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Sensitive information policies

Sensitive information policies are a group of software quality policies used by the Spectra Assure platform to help you improve the overall software package security.

These policies are triggered during software package analysis to check your code and inform you if any of the built-in validation rules are violated. Specifically, sensitive information policies focus on preventing sensitive information leaks in software packages. In this context, sensitive information refers to different kinds of service access credentials, private keys and tokens, certificates and other similar artifacts commonly known as "secrets".

In Spectra Assure analysis reports, these policy violations are listed in the Issues > Sensitive Information category.

The priority and severity of each issue influences the overall Secrets ReversingLabs assessment status for the software package.

Software developers and DevOps engineers will benefit the most from the guidance provided by these policies. When Spectra Assure products detect exposed secrets in a software package, their exact location is highlighted in the analysis report. Development teams can then apply the remediation advice for each particular policy to resolve detected issues.

Security challenges and practicesโ€‹

Secrets exposure is a constant threat to organizations and individuals, often due to insufficient credential hygiene and loosely enforced secrets management practices. While anyone can accidentally leak a password out into the public, CI/CD environments in particular are among the highest-risk areas when it comes to secrets exposure.

The sheer amount of production-critical secrets involved in setting up and maintaining CI/CD processes and pipelines increases the likelihood of human error, particularly in complex systems with multiple sets of credentials for different contexts. Adoption of GitOps and modern Configuration-as-Code/Infrastructure-as-Code practices that rely on committing human-readable configuration files into version control systems only contributes to the risk of inadvertent sensitive information exposure. However, exposed secrets don't always come in plaintext format. They can also reside in deeper layers of a system that are not immediately obvious, like embedded files and container images.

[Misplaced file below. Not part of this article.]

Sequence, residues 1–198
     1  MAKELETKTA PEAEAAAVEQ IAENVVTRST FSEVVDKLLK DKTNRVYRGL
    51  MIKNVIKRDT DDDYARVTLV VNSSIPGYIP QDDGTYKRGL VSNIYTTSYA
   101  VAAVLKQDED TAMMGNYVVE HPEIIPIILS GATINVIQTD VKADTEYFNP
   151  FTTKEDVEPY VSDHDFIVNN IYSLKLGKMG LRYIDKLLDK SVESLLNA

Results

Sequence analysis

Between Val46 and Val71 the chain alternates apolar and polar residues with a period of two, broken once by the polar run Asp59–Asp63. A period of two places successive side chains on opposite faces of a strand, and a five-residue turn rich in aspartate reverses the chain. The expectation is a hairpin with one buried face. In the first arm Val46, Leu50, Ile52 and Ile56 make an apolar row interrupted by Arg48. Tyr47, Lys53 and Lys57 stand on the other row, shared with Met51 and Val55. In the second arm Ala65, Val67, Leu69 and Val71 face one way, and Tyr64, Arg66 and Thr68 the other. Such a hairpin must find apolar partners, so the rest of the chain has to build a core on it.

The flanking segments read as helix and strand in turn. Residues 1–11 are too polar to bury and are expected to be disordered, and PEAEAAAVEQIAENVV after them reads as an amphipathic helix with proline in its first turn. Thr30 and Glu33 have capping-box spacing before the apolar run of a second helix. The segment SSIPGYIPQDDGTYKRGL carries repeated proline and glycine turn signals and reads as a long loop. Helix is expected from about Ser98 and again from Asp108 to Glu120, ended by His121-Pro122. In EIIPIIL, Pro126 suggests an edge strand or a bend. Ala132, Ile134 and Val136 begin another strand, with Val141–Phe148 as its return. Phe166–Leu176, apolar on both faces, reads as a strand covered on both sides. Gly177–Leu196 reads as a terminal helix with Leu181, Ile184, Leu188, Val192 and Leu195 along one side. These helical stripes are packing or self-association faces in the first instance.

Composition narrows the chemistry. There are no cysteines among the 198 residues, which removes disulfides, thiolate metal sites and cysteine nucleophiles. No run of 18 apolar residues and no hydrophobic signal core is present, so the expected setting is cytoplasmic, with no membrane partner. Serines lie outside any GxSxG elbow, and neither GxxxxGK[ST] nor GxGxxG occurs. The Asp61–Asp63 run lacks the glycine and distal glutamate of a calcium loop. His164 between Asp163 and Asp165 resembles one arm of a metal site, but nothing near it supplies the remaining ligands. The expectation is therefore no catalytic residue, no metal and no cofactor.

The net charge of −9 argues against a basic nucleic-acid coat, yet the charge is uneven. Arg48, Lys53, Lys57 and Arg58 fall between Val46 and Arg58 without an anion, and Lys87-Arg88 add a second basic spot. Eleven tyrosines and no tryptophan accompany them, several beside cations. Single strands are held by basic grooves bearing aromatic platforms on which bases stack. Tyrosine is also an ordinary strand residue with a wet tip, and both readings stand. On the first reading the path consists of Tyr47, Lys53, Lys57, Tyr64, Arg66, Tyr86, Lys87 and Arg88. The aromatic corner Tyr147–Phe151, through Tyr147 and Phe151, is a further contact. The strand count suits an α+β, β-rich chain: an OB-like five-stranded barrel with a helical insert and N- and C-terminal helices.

To malicious actors, exposed secrets are a skeleton key to an organization's resources. They enable access to critical infrastructure and highly confidential business data (such as customer information). Leaked secrets can be exploited not only to deploy malware in an organization's systems, but also to target customers, partners and any other entities associated with an organization.

However, not all secrets are equally dangerous. Software packages can contain placeholders and mock credentials used only for testing purposes, or canary tokens intentionally placed to track external credential (ab)use. Therefore, it's important to be able to distinguish these types of secrets and not treat them as release blockers for a software package.

The Spectra Assure platform is able to detect such credentials, and represents them as "commonly distributed" sensitive information in analysis reports. While still reported as an issue, this type of policy violation is considered low priority by default. Advanced users of Spectra Assure can adjust how placeholder secrets are treated and add their own exceptions to policy configuration files.

Policies in this categoryโ€‹

Sensitive information policies cover the following:

  • Private keys and certificates
  • Version control tool artifacts
  • Canary tokens and commonly distributed sensitive data
  • Web service credentials, access tokens, and API keys

Check the full list of supported services for details about specific secrets types that Spectra Assure can detect.

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